Tuesday’s Art Notes

BY Molly Finnegan  March 30, 2010 at 10:21 AM EST

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Singers perform during ‘Treemonisha’, the opera from African-American ragtime composer Scott Joplin, and directed by Spanish dancer and choreographer Blanca Li at the Chatelet theatre in Paris. The opera is performed from March 31 to April 9. Photo by Joel Saget/ AFP/ Getty Images

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The battle for superhero dominance continues. On Monday, a copy of the first comic in the Superman series was sold for a record-breaking $1.5 million, which beat the previous record set by Superman the month before for $1 million, and by auction-block rival Batman for $1,075,000.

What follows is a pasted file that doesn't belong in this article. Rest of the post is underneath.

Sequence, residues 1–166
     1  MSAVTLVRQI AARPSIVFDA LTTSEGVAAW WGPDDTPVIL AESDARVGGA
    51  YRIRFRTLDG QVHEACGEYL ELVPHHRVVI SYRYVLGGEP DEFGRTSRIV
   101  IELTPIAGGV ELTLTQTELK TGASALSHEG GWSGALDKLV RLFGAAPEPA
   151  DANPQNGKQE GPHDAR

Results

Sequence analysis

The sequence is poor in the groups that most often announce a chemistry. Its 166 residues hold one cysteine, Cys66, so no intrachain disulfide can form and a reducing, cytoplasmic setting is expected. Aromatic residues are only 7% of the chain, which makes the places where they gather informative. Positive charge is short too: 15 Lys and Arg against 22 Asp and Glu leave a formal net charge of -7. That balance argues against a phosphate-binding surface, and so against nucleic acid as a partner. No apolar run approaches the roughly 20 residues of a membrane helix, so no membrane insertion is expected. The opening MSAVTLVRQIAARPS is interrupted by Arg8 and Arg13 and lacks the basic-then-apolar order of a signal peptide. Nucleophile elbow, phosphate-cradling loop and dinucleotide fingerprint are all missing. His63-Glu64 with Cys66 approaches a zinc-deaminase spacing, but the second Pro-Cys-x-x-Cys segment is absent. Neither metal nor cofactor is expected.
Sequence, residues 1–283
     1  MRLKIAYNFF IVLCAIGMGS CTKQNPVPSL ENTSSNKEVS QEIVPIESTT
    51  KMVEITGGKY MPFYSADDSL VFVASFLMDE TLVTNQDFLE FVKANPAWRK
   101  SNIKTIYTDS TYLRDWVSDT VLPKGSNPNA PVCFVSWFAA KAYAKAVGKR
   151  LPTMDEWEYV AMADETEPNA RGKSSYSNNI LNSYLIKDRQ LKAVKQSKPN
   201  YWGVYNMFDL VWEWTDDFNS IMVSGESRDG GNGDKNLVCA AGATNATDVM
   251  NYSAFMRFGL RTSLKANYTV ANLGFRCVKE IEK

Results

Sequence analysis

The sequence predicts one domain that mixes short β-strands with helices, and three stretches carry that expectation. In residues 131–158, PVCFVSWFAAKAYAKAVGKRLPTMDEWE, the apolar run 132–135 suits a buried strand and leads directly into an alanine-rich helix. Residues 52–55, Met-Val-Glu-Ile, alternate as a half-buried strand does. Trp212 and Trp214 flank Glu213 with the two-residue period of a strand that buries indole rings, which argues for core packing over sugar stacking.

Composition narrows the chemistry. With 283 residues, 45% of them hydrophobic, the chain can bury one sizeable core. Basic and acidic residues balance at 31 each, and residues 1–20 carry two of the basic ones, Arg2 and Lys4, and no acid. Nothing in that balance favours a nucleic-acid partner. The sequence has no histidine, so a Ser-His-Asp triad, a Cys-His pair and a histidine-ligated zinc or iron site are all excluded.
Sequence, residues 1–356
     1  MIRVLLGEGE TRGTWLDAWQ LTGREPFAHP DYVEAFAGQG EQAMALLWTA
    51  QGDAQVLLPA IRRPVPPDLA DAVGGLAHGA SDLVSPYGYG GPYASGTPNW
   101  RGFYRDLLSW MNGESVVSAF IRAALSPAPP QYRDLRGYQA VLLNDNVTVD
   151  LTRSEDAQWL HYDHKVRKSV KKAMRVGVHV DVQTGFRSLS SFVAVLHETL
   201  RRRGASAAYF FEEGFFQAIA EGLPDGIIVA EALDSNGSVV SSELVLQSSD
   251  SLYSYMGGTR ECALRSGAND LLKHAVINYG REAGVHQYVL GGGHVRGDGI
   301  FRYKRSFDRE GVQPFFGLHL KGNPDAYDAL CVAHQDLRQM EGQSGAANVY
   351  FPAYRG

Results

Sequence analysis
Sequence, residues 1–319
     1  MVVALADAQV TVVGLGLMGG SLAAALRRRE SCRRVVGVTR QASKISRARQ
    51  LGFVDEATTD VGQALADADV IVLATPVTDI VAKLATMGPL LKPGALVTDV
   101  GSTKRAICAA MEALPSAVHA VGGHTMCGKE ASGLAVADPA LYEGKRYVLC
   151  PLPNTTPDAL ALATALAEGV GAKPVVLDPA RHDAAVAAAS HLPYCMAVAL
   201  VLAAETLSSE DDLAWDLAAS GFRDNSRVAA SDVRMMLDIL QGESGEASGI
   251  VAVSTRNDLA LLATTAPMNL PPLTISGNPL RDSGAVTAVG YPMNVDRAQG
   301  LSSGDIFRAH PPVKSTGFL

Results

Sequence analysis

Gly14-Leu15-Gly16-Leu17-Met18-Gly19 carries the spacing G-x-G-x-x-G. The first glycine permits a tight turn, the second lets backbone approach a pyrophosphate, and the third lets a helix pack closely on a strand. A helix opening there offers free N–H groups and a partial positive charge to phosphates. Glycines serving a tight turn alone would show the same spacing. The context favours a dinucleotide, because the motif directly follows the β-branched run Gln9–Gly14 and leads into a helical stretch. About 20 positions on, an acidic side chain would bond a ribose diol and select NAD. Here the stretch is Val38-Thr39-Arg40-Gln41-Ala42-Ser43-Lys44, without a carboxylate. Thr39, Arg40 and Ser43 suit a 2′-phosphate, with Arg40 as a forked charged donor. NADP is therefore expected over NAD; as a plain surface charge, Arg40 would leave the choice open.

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Moscow’s Bolshoi Theater is set to re-open in October 2011, three years behind schedule, after undergoing significant conservation and renovation. The Bolshoi is home to both revered ballet and opera companies.

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According to the Art Newspaper, the artist commissioned to create a portrait of Pope Benedict XVI met with his subject to make some sketches in early March, ahead of an exhibit that opens in the middle of next month in Germany. Michael Triegel confesses he is an atheist, but nevertheless, the pontiff was very pleased with what he saw, exclaiming, Oh, you are my Raphael!

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June Havoc, the Broadway actress whose early life was dramatically depicted in the musical “Gypsy,” which was based on a memoir by her sister Gypsy Rose Lee, has died at age 97. A child star on the vaudeville circuit, Havoc found modest fame as an adult in shows like “Pal Joey” and “Annie” (as the evil orphanage director Miss Hannigan) and later went on to become a Tony-nominated director.